White frou frou, shades of green and jute twine

Ammi majus – my seed source currently growing in Mark’s vegetable garden

On our Sunday morning discussions on Radio Live Home and Garden Show, Tony Murrell and I have started an ongoing topic of colour. Last Sunday, we opened with the revered or reviled white gardens. Revered by many because, you know, Sissinghurst and sophisticated. Reviled by those who see it as a contrived and dated cliché which can be very flat, lacking vitality or oomph.

I have pretty much covered all my thoughts on white gardens in recent posts – White Gardens for the New Age and Shades of White in the World of Flower Gardens – and I do not think that I have more to add to that. Just a quick update on my own efforts on a seasonal white border to shine before the auratum lilies bloom in a riot of summer colour.

I want white frou frou

I mentioned this to Tony and he asked if I would consider renga renga lilies (Arthropodium cirratum) which are in bloom at the moment and looking very charming at our entranceway. I recoiled in horror but not because I don’t like the plant. I want frou-frou – light white froth dancing in the air. The renga rengas are too heavy, too weighted to the ground. So my plans are for the popular Orlaya grandiflora, Ammi majus (the Bishop’s flower) and even coriander and carrots which have light, white umbelliferous flowers. Maybe I will admit the pure white poppy that is flowering at the moment.

I mentioned in an earlier post that I have started planting this garden. Now it is on hold but in hand. This is a new area and the rabbit problem has been devastating. They have probably taken out half the auratum lilies as they came through the ground and it will be interesting to see how many of the bulbs survive in the ground through until next spring. Mark and the dogs are doing their best. The dogs are particularly highly motivated, having no residual qualms about Peter Rabbit in his little blue jacket. With one dog now elderly, slow and stone deaf and the other dog being a townie in his earlier years and still learning the role of rural estate dog, their enthusiasm is not matched by their success. Mark has by far the greatest hit rate – nine so far. In the meantime, the rabbits had eaten all my early efforts at planting out white umbellifers.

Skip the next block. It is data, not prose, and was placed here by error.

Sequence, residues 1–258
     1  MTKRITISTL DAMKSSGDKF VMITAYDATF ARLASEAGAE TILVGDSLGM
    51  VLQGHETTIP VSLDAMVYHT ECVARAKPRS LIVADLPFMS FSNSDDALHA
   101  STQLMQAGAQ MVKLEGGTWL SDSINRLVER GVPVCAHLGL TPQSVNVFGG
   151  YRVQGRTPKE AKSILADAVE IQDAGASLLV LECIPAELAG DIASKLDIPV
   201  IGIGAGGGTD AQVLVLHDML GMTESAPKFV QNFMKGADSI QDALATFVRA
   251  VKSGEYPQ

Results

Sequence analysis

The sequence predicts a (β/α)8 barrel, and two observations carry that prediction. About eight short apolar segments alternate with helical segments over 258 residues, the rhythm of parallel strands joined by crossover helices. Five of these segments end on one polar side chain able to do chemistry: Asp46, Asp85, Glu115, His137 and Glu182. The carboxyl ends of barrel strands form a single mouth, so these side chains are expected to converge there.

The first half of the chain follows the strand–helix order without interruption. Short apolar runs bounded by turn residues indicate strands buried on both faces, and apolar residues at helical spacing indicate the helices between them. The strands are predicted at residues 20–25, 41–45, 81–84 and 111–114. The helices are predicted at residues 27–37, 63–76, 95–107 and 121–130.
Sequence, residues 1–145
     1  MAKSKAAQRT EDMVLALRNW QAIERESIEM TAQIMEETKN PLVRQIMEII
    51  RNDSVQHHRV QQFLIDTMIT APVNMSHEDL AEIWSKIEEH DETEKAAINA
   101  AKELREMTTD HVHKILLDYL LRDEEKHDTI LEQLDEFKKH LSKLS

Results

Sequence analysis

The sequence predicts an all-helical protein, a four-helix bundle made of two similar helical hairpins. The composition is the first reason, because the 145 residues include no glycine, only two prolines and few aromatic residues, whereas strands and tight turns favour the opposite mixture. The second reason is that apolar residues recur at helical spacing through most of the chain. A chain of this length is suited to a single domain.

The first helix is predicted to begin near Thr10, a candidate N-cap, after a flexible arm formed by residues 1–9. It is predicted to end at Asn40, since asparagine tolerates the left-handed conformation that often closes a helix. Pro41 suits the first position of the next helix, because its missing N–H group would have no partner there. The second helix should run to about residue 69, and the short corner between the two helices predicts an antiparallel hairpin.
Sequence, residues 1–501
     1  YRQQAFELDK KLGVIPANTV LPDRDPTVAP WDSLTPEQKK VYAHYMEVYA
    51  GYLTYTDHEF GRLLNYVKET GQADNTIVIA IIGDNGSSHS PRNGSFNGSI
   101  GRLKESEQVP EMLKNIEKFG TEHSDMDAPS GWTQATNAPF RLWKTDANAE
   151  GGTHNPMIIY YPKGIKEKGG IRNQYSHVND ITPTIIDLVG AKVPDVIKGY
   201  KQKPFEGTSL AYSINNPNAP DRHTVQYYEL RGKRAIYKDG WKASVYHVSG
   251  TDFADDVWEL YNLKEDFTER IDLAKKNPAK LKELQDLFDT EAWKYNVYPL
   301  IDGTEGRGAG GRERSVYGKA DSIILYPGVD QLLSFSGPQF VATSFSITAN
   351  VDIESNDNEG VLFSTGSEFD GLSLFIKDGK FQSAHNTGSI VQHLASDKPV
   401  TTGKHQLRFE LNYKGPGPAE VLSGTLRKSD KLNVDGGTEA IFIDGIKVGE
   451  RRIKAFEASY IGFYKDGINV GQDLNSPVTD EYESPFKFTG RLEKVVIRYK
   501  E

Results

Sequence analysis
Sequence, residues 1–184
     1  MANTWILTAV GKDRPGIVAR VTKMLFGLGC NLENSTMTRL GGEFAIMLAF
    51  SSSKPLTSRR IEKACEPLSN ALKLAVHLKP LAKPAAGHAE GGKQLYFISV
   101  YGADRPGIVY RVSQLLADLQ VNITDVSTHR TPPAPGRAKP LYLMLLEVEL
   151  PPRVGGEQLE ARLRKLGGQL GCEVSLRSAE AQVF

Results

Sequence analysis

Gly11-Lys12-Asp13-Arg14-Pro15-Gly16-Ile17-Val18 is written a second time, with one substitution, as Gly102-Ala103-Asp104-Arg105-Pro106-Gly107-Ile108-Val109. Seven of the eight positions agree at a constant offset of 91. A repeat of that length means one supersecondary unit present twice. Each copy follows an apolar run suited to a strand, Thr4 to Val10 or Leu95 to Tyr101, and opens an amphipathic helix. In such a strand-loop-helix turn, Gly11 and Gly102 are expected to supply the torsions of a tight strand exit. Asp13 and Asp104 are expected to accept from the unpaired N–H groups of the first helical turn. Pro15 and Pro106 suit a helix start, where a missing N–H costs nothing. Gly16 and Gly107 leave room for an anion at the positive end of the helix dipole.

Maybe I will add the white poppy to my frou four mix

Also, being a new garden, there is a mass of weeds germinating so I am assiduously cultivating the area every few days. This is an easy task with my trusty and trusted Wolf-Garten mini cultivator but ongoing. Worth it, I think. Given that I want to sow the area in predominantly self-seeding annuals, if I spend this year getting the area weed free, it is going to save me an awful lot of work in the future when it comes to weeding. In the meantime, I am gathering seed to save for next year so that I will be ready to go when the area is relatively rabbit and weed-free. Gardening has taught me patience in a way in which none of my other life experiences have.

Having ‘done’ white gardens, Tony and I plan to go onto other monochromatic gardens (the blue, red or yellow border), the two-colour schemes (maybe red and white, or blue and yellow), then managing more complex colour schemes and the impacts of whites and pastels as well as the curious colour impacts of orange and yellow in a mixed border. Also the role of greens and whites in colour schemes. Are they colour neutral in garden settings? I am sure I will harp on about my intense dislike of pink and yellow as a colour combination. That will be Sunday mornings through January on Radio Live.

Not all greens are equal or natural, let alone invisible!

While on colour, I was slightly surprised at the suggestion from an esteemed gardening colleague that you could spend your down time in winter painting your garden stakes green to make them less obvious in your garden. To be honest, it had never occurred to me to do this. I mentioned it to Mark and he thought that it would be better to paint them in jungle camouflage rather than straight green.

It is so easy to get the shade of green wrong, in which case your ‘invisible’ stake suddenly becomes highly visible. A friend who trained in design once commented in passing that if you want something to recede into the background, you use black. Not shiny black, I would suggest, and maybe not pure black. Think creosote colouring – matt and dark.